$150,000

($10,000)

Step #1 is ($200) x 70% giving us a house profit target of ($140).

Step #2 is ($10,000) – ($140) giving us a house profit goal variance of ($9,860).  At this point you know the property fell far short of the flex goal and that this isn’t going to be pretty.   

Step #3 is ($10,000) – ($200) = ($9,800) then (9,800) ÷ $200 (use RVP) = -4900% flex percentage.  If you don’t use the revenue variance as a positive number you will get a positive 4900% which doesn’t tell the story on this one.  It is calculated just like example #1 using different numbers and it is correct at negative 4900%.

Step #4 would include investigating the cause for the huge house profit goal variance when being so close to budgeted revenues.  This is obviously an extreme case, but you are probably looking for a large item that was not budgeted.  It is important to know why there is such a huge variance and in this example that is probably fairly easy to pick out by just looking at the variances for each line item.  I’m betting something will stick out to you.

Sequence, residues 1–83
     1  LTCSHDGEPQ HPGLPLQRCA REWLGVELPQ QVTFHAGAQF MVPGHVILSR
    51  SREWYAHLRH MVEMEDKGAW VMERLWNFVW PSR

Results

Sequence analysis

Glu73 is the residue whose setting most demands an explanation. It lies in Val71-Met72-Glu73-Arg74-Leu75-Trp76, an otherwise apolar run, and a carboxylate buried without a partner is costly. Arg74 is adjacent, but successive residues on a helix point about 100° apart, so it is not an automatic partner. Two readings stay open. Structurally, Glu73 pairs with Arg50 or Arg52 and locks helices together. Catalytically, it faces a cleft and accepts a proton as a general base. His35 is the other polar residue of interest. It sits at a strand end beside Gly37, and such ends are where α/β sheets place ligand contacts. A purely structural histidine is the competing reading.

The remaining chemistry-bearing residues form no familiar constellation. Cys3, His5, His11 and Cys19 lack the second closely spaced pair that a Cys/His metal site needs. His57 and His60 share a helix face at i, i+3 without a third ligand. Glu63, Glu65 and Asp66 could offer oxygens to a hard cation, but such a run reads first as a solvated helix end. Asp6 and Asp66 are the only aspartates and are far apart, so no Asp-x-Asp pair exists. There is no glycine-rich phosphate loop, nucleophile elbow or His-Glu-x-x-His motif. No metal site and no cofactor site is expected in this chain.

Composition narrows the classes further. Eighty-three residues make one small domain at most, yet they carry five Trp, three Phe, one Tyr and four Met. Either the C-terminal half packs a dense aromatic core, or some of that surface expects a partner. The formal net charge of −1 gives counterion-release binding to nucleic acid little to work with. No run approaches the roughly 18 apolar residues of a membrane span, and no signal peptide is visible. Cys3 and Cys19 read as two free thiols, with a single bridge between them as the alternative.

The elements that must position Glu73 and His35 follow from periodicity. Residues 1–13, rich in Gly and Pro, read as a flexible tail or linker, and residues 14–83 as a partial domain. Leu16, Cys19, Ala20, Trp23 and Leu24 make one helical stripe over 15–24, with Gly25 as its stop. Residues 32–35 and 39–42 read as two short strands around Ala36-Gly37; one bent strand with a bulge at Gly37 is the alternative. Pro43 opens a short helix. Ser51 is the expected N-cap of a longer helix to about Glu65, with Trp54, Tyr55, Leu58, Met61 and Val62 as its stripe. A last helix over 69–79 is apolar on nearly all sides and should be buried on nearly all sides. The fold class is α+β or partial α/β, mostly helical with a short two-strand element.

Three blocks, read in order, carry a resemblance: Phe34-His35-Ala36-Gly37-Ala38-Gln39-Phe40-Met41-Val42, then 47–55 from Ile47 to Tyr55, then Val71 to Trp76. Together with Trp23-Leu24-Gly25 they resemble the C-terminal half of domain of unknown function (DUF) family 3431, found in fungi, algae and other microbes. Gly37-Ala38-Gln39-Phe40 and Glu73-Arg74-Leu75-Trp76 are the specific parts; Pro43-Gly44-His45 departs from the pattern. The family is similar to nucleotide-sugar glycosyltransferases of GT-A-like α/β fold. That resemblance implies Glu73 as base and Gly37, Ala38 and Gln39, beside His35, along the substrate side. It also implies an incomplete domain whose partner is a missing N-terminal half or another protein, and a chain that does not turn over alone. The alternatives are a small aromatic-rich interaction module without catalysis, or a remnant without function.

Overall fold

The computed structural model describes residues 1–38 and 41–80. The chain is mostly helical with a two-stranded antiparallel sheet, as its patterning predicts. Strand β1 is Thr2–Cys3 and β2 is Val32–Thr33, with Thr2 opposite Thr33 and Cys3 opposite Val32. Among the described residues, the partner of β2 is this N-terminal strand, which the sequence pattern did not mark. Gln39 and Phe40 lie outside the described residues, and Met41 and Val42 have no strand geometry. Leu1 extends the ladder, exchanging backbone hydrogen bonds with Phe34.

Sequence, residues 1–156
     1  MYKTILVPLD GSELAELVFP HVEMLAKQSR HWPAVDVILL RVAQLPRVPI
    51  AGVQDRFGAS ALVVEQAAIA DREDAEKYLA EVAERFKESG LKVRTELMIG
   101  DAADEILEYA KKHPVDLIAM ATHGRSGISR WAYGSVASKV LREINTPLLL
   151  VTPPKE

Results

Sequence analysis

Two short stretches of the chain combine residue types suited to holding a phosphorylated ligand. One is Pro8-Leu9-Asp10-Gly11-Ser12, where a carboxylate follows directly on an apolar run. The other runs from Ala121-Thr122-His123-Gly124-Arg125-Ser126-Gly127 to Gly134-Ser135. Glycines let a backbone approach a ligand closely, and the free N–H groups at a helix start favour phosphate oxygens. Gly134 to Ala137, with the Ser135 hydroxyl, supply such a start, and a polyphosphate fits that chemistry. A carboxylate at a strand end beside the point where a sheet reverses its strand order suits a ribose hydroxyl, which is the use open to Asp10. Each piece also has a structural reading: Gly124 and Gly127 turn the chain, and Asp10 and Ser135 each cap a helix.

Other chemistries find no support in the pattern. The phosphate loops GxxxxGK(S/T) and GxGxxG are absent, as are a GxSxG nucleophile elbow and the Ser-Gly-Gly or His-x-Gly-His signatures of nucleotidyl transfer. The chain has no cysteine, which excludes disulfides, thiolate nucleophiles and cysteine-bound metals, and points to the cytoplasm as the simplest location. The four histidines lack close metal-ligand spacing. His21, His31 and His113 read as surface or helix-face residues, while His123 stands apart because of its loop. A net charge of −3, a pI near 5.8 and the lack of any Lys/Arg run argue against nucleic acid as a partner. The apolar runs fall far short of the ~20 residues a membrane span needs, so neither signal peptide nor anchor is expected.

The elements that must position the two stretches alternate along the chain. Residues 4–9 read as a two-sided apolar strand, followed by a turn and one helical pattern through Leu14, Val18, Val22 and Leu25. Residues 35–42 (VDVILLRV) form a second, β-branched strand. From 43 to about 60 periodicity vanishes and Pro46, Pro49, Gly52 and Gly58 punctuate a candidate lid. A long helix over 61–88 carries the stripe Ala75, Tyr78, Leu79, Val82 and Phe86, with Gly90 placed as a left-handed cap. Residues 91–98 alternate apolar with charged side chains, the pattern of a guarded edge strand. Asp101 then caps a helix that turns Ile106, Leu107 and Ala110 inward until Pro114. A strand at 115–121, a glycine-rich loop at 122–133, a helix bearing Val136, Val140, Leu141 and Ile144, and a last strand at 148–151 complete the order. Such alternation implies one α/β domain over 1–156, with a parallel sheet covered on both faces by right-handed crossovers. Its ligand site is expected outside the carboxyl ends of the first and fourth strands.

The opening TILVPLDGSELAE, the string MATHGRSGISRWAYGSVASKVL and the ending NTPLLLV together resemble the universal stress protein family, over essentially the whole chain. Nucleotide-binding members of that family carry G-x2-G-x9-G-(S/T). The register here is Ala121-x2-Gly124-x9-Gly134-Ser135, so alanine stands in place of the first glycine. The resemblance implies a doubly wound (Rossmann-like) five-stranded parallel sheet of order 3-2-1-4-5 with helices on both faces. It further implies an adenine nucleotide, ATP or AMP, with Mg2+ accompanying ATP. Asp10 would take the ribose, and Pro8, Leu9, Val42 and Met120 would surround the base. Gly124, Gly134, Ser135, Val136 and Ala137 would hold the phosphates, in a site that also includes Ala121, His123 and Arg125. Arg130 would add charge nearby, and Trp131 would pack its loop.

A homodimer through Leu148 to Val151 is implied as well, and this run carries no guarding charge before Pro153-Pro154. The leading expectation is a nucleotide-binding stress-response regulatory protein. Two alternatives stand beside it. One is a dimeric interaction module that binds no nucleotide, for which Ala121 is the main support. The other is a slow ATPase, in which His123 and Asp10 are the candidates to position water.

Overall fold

Example #3:  This is a really good financial statement showing an outstanding flex percentage. 

Actual Revenue

Budgeted Revenue

Revenue Variance

$280,000

$285,000

($5,000)

 

 

 

Actual House Profit

Budgeted House Profit

House Profit Variance

$140,000

$136,000

$4,000

Step #1 is ($5,000) x 70% giving us a house profit target of ($3,500).